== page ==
Retirement hierarchy The Tonic

The retirement hierarchy of needs. Where are your priorities?

Legendary investor and fount of financial wisdom Warren Buffett once said: “Only when the tide goes out do you discover who’s been swimming naked.”

His point was that investors tend to be comfortable with risking money in the hope of a decent investment return when the economy is growing and financial markets rising. It is only in troubled times that some are revealed to have taken more risk than was wise.


A big question in retirement planning is how much investment risk should individuals take?


On the one hand, retirees need a stream of regular income to pay the day-to-day bills that won’t dry up if the economy takes a turn for the worse. On the other hand, investing offers the potential for growing their money over the course of a retirement likely to last two or three decades.

One useful concept to help answer the question is a ‘retirement hierarchy of needs’ which is often represented as a pyramid. This takes a theory proposed by psychologist Abraham Maslow in 1943 to explain human motivation and adapts it to financial planning for retirement.

Maslow thought that humans prioritised meeting their most basic needs – for food, water, warmth and safety – before moving onto achieve more complex needs such as friendships and relationships, feelings of accomplishment and prestige.

A hierarchy of needs for retirement?

For those heading into retirement, the pyramid’s first layer is paying off debt such as credit cards and mortgages. This makes financial sense when the interest payable on the debt is likely to be higher than could be achieved by investing.

Income to meet essential spending is the next layer. Retirees need to put food on the table, maintain a home, clothe themselves and pay utility bills. Some may see activities such as socialising, maintaining a car or travel to see family as largely essential too.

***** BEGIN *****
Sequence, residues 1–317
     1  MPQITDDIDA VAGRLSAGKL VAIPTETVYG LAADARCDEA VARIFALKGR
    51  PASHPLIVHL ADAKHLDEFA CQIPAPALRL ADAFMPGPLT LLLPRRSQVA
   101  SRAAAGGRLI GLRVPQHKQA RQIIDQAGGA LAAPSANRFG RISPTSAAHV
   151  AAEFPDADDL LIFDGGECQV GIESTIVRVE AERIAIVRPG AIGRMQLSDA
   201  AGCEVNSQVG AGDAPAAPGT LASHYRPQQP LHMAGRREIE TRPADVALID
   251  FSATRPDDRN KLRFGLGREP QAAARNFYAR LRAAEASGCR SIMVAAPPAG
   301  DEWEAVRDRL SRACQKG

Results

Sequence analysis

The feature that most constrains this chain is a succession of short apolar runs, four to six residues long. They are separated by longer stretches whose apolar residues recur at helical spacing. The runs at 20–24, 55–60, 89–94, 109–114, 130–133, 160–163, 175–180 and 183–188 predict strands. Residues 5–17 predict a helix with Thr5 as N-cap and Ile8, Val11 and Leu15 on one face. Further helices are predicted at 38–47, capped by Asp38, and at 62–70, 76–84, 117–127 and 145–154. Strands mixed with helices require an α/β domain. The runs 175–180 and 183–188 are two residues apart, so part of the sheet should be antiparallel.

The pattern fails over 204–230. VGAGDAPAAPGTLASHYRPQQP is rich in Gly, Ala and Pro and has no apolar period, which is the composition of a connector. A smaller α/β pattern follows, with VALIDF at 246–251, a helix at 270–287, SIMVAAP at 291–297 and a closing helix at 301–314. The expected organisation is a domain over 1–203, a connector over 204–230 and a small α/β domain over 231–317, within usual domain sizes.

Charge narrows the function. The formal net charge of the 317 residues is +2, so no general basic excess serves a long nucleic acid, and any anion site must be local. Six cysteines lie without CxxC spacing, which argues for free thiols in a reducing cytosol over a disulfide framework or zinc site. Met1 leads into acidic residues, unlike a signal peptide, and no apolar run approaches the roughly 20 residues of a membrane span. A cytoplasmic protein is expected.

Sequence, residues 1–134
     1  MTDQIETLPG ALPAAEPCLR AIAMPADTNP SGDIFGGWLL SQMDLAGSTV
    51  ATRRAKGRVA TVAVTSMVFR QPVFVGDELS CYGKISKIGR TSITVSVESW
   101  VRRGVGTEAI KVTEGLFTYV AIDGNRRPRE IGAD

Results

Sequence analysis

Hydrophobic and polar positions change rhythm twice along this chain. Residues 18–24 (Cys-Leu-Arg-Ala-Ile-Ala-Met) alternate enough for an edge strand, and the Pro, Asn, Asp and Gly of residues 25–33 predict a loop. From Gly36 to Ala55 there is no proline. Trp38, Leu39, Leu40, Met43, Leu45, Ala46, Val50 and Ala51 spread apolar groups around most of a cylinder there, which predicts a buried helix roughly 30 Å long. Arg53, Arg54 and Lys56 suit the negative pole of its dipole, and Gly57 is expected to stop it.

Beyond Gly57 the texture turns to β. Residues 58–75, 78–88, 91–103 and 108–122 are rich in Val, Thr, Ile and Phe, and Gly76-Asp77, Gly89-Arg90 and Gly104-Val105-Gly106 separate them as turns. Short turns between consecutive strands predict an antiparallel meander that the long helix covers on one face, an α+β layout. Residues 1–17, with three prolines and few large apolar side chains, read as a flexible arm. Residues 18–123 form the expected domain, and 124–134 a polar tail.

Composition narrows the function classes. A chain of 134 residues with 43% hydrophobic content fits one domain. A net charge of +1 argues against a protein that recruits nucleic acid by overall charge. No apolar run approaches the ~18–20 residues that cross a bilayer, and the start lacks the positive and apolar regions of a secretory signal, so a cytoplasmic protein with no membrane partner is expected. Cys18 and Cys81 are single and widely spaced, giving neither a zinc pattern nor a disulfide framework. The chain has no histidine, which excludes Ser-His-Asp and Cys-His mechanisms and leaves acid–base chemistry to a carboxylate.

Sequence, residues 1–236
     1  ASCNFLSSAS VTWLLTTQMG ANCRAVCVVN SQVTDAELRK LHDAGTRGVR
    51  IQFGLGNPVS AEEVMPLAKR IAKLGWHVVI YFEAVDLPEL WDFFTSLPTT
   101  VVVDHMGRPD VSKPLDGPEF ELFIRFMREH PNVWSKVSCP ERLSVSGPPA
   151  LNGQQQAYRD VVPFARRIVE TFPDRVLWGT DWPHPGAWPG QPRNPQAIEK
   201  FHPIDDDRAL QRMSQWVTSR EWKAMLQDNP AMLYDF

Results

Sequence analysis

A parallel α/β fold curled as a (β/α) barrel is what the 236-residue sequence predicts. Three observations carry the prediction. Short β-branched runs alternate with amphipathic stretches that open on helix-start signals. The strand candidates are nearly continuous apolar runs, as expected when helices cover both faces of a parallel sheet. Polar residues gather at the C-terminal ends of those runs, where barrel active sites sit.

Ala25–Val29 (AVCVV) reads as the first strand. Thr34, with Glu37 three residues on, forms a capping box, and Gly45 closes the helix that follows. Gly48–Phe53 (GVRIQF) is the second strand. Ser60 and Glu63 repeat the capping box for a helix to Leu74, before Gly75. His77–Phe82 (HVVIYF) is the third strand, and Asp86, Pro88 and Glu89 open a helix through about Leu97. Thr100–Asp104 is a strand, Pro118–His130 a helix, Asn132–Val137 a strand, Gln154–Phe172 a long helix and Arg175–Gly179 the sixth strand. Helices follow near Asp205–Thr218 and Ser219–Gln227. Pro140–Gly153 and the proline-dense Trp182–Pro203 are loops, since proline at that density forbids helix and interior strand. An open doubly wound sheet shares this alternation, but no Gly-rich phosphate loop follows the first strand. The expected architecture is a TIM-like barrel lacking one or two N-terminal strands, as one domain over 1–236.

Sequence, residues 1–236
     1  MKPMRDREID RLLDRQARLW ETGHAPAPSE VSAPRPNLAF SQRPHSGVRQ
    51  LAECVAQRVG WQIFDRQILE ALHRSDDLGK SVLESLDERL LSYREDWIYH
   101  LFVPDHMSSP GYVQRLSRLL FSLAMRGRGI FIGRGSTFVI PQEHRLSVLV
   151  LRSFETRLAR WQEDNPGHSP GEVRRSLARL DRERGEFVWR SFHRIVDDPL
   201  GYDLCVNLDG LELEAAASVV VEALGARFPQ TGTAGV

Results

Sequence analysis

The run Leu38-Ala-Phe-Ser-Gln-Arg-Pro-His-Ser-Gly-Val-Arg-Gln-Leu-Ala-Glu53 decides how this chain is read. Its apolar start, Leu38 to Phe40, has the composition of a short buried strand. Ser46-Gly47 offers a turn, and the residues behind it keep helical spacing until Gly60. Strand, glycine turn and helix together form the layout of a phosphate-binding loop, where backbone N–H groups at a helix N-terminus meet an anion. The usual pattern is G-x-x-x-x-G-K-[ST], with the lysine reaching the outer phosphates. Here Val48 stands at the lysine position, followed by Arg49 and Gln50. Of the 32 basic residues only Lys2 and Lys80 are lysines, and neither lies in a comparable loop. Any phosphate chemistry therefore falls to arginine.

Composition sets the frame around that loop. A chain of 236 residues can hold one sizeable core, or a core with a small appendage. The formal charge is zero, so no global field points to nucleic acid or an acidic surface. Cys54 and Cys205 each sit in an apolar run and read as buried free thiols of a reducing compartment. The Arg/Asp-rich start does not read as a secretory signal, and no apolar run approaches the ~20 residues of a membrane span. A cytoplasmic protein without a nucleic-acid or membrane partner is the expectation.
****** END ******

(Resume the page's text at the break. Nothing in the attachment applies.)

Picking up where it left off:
More financial security is offered by a ‘just in case’ fund, usually held in cash, to meet any unexpected expenses. This should be easily accessible and safe from financial shocks.

Once the essentials are taken care of, the remaining layers of the pyramid reflect discretionary spending. The fourth level of the pyramid is the income to meet spending on enjoying life, such as paying for hobbies, eating out, cinema and theatre trips, and holidays.

The top two layers of the pyramid are for gifts – such as helping out family with house deposits or school costs – and for life’s luxuries or ticking aspirations of a ‘bucket list’ such as owning a sports car, dream holiday or meeting another lifetime ambition.


The key message in the pyramid is this split between essential and discretionary spending.


Essential spending is ‘non-negotiable’ and will last for as long as retirement lasts for a retiree and their partner. For most people this should ideally be covered by securing a guaranteed income for life, such as that provided by State Pension, final salary pensions or using a pension fund to buy an annuity.

Once the basics are secured, this gives complete flexibility around the other layers of spending. Once you know, with certainty, that you can always pay the bills, then you have complete freedom to do what you want with the rest whether that is to spend, invest or give it away.

Modern retirements will last two or three decades. That’s plenty of time for economies to grow, but also to spring some unpleasant surprises – as we are reminded by events such as the Global Financial Crash of 2007-08 and the more recent Coronavirus pandemic.

Economic tides do go out. High spirits may excuse young people who are discovered to be swimming naked. Retirees ought to be wise enough not to take the risk.


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Chris Clarke

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